A Powerful Acknowledgment of a Fourth Grade Teacher who Passed Away – received by Her Daughter!
By Judith W. Umlas
September 27, 2023
Back in 2009, I attended a gathering at my next-door neighbor’s home in Pennsylvania. While there, I talked with a nice person, Mitchell Golding, about where he was from. Well, it turns out we were both originally from New Rochelle, New York. I asked him what elementary school he went to and was pleasantly surprised to hear that we went to the same one: George M. Davis, Jr. Elementary School.
So, then I tried the craziest question of all on him – I asked him if he had ever had a fourth-grade teacher named Mrs. Wagreich when he was there. “Oh, yes, “he exclaimed, “she was one of the most important teachers in my life!” To his great surprise, I told him Mrs. Wagreich happened to be my mother!
From there we got into a conversation about how his father had passed away very suddenly when he was in third grade, at a time when his mother was quite ill, and confined to bed for a long period. That had caused him to be in a very “rock-solid shell” ever since then. “But your mother tried drawing me out of my shell had some success,” Mitchell said. And he started to laugh as he told me she had made him the “Wise Owl,” or narrator, in the class play and it was the biggest part of all! He said that drew him out tremendously, and he started to gradually come to terms with his great loss.
In a follow-up email, he sent me the photo below of the class, and my beautiful mother was in the picture! Mitchell is third from the left at the top! He also sent me his report card from that year, with my mother’s handwriting, which you can see below. I was so moved that I burst into tears when I saw that. Numerous times, and in various ways, he told me how important she had been to him both emotionally and educationally.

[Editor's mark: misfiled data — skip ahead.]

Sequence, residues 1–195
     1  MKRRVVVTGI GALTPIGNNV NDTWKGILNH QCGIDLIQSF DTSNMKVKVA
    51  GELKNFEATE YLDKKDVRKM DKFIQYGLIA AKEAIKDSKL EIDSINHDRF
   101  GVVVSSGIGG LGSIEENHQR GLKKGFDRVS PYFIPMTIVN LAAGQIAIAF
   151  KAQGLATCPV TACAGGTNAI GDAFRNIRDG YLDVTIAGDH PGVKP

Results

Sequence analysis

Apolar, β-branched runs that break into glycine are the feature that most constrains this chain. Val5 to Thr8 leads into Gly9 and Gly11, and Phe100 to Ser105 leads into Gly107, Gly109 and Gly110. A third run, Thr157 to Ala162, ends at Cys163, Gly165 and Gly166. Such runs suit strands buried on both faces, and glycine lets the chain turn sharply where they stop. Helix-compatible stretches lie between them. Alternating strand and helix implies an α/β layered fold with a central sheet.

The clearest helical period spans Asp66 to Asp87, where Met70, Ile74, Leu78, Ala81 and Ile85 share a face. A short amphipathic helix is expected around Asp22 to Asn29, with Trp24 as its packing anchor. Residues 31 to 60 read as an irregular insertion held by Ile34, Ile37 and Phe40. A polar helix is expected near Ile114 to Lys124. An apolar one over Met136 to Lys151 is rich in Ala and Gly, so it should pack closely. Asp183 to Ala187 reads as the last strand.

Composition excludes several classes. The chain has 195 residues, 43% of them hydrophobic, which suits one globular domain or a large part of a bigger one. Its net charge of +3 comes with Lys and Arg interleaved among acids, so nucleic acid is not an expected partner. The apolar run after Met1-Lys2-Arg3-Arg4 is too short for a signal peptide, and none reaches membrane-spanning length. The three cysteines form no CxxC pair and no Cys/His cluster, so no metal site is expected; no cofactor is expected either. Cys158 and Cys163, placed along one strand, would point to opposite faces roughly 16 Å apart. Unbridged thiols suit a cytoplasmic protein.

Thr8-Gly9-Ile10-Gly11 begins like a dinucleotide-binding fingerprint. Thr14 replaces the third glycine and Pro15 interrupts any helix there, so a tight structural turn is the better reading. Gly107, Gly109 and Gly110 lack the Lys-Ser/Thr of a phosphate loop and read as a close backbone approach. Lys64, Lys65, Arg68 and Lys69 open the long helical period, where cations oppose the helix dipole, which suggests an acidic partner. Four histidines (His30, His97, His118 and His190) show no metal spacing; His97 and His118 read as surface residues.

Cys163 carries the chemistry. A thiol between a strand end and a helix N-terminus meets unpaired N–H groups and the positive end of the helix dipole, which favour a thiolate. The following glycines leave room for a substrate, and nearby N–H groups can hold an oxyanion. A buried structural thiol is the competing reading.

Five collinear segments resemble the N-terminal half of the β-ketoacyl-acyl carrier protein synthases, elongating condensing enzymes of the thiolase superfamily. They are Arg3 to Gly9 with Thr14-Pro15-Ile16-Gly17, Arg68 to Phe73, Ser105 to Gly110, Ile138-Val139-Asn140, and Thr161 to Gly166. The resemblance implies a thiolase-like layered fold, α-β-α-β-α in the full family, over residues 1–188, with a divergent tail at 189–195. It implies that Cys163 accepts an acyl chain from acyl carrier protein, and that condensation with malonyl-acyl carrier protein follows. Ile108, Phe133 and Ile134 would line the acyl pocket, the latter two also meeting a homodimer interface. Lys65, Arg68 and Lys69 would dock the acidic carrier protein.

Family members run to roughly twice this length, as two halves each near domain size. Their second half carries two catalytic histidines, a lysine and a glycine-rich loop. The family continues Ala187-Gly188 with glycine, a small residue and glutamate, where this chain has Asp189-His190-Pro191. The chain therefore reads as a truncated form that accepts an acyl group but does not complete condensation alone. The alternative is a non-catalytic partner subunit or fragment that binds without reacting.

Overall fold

There are other stories about my mother that stayed with Mitchell.
Mitchell was a voracious reader of the World Book Encyclopedia that many people grew up with in the 1960’s. One particular day while having lunch at home, Mitchell read the chapter about Franklin Delano Roosevelt. During math class that same afternoon Mitchell raised his hand and was called on by my mother. Did Mitchell have the answer to a math question? No, Mitchell stood up and announced to the class, “Did you know that in 1933 there was an assassination attempt against FDR that failed but the Mayor of Miami was killed.” Rather than admonish Mitchell for this seeming non sequitur in the middle of a math lesson, my mother smiled and kindly responded, “Mitchell is going to be President one day”.
Mitchell also recalled that shortly after Richard Nixon was first elected President of the United States in 1968 my mother put up the pictures in the front of the class of Richard Nixon and his Vice President, Spiro Agnew. Much of the fourth class booed when my mother did this. It was clear that they, or more specifically, their families, had supported the Democratic candidate, Hubert Humphrey. Though it was Mitchell’s impression my mother might not have supported Richard Nixon either, she admonished the class that Richard Nixon was now the President of all of us and, as such, he deserved all our respect. This was an important civics lesson that always stayed with Mitchell.
So, this makes an important point for me, and I hope for you as well!